You had, and still have to work twice as hard as a man she says.

The Territorial Council gained more power and was renamed the Yukon Legislative Assembly in 1978 when party politics made their official appearance in the territory.

In this first partisan election, Watson, a PC, became the first woman to lead a political party in the Yukon, and the first woman to lead a mainstream political party in Canada. She was also the first woman to lead a party successful in having its members elected but she failed to win her riding, losing her seat to Liberal Alice McGuire and so never became government leader.

“Alas, I didn’t win mine.  There was just too much dirty laundry in the race and it was able to air itself out (…)” Watson said of her loss.

In federal politics, Erik Nielson, the PC Member of Parliament for the Yukon retired in 1987 after 29 years in the House of Commons.  Audrey McLaughlin was elected as the New Democratic Party MP. In 1989, she was elected as the national NDP leader, becoming the first woman in Canadian history to lead a national party.

She coined the phrase “from sea to sea to sea” to bring a greater definition of Canada and the inclusion of the North.  She was also known for her feminist views.  Hayden quotes McLaughlin in her book as saying, “I make no apology for being a feminist and I think it’s time we took back the language. When people say to me ‘I’d like to talk about women’s issues,’ I reply that every issue is a woman’s issue.  How can the environment, defence, the economy and peace not be women’s issues?”

She resigned as leader in 1993 and left politics in 1995.

In 2000, Liberal Pat Duncan was elected as Yukon Premier, becoming the first woman in the Yukon to be elected Premier. She also became the second woman in Canadian history to be voted in as Premier through a general election and was also the first woman to win an election where all the competing parties were led by men. It took a bit of time for the media to realize that a woman had been elected to such a high-standing position in politics, as The Globe and Mail kept announcing “Mr. Duncan’s” victory. This may also serve to show, however, the disconnection between Canada and Yukon politics.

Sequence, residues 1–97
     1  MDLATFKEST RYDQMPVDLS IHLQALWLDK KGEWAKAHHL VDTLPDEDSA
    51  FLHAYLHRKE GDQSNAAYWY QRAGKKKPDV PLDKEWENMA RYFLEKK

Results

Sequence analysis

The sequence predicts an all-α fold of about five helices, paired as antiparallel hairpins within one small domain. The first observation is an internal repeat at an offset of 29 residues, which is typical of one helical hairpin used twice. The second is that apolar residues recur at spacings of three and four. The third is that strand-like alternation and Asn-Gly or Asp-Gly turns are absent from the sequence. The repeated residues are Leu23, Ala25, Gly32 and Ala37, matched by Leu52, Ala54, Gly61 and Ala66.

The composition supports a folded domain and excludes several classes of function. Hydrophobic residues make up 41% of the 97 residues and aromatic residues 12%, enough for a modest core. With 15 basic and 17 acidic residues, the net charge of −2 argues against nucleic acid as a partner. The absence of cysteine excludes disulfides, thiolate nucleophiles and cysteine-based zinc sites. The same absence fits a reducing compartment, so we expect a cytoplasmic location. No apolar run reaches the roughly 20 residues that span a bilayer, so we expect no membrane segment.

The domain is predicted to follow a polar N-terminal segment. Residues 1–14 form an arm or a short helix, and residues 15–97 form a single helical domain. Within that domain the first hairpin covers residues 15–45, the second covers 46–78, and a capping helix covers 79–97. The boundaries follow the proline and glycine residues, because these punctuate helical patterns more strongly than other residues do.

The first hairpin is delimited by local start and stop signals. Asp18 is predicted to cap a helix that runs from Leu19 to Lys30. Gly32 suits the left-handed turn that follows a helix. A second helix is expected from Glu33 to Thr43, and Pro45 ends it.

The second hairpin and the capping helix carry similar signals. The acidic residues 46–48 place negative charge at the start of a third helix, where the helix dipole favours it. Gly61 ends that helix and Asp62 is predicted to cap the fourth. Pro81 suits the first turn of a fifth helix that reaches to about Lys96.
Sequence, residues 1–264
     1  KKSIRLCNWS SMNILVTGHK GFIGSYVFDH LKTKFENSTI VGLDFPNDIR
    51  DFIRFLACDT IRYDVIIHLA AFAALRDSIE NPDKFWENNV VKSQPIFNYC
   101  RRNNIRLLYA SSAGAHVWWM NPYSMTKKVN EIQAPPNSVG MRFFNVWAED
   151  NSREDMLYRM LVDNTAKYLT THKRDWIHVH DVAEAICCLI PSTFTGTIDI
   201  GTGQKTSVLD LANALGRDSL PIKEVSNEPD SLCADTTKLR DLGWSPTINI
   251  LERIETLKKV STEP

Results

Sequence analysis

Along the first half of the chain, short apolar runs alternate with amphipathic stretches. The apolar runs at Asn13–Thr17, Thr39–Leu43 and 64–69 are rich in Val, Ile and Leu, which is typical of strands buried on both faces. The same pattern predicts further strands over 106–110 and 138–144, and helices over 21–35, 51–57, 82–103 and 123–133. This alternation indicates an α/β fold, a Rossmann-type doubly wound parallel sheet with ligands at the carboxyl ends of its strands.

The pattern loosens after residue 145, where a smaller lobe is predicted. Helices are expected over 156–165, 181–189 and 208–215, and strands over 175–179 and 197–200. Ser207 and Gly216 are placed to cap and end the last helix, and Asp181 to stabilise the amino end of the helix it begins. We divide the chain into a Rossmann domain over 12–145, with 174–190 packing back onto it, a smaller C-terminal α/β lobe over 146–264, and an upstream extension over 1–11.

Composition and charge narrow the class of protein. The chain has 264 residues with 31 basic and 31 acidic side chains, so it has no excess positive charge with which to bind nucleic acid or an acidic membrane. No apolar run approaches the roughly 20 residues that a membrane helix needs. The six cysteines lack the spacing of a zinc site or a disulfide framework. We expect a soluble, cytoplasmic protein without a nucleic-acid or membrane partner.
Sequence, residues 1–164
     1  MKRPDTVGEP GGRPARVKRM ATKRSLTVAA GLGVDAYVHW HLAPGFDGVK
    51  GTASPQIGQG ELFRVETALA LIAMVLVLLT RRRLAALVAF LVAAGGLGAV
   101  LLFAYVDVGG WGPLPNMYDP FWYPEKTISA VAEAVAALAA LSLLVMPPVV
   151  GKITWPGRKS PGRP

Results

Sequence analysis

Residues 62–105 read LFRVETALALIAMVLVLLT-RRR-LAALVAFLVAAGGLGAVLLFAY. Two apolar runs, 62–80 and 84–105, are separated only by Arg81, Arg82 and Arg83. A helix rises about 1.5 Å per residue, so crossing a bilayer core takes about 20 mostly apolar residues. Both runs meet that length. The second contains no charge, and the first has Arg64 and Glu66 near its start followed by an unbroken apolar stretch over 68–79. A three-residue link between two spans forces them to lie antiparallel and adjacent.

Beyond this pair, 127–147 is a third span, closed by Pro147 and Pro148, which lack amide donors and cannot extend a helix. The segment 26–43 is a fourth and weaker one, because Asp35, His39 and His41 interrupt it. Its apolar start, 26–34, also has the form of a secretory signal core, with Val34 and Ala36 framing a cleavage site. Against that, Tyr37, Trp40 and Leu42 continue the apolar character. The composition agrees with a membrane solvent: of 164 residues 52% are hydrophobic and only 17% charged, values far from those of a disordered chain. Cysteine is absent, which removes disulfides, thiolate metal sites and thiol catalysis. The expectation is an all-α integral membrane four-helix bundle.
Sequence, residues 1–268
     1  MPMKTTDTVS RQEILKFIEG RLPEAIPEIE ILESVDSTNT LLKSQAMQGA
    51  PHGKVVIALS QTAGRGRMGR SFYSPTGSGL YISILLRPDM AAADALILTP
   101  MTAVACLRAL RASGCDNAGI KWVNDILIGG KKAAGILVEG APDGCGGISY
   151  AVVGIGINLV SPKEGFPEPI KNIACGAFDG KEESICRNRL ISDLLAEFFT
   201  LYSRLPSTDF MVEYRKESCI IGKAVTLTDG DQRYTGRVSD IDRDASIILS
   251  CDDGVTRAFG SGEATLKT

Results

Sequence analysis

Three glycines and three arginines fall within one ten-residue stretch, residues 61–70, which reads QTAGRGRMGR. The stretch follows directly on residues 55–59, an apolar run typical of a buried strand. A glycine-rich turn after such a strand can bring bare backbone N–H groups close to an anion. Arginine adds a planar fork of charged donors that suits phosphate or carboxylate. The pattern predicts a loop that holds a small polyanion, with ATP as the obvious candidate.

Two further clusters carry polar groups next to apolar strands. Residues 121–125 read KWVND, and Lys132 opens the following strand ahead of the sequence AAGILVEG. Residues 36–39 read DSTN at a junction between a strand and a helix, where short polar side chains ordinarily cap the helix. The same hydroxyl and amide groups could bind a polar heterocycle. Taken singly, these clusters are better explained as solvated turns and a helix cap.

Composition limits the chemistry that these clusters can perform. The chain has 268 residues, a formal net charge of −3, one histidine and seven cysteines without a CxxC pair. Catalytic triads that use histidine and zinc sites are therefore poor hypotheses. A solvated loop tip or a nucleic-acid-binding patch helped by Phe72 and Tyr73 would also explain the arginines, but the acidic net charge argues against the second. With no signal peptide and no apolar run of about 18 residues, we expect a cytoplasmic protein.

The five women in Yukon's top political positions: Judy Gingell, Louise Hardy, Ione Christensen, Kathy Watson and Pat Duncan.

L-R: Judy Gingell, Louise Hardy, Ione Christensen, Kathy Watson and Pat Duncan. Photo credit: Aasman Design.

That same year, five out of the six major political positions in the territory were held by women with Pat Duncan as Premier, Kathy Watson as the mayor of Whitehorse, Louise Hardy as the NDP MP, Ione Christensen as the Yukon senator and Judy Gingell as the Yukon Commissioner.

While Premier, half of Duncan’s cabinet were women, with Duncan, Sue Edelman, Pam Buckway and Cynthia Tucker all holding ministerial portfolios.  McCormick and political science professor Graham White believe this is the only time in Canadian history this has happened.

While Premier, Duncan also pushed for non-sexist language to be adopted and sought to get rid of sexist expressions like “rule of thumb” and succeeded.

After almost consistently hovering around the 20 to 25 per cent mark, electoral percentages for women in the 2000s stepped backwards, dropping to 17 per cent, and eventually 11 per cent.

In 2006, three women from three different parties tabled a motion to change the hours of the legislature from 1 p.m. to 6 p.m. to 1 p.m. to 5:30 p.m. to make them more family-friendly. This move was both criticized and praised but highlights another change the Yukon made to make politics more hospitable for women.

“For us, it’s not about a reduction of hours, it’s about responding to our obligations not only as representatives but as family members as well.  So if you want to continue to make the Legislative Assembly an attractive place for us to work, all of us to work, and make it more representative,”said Elaine Taylor, one of the MLAs involved in the motion.

Those hours still stand today.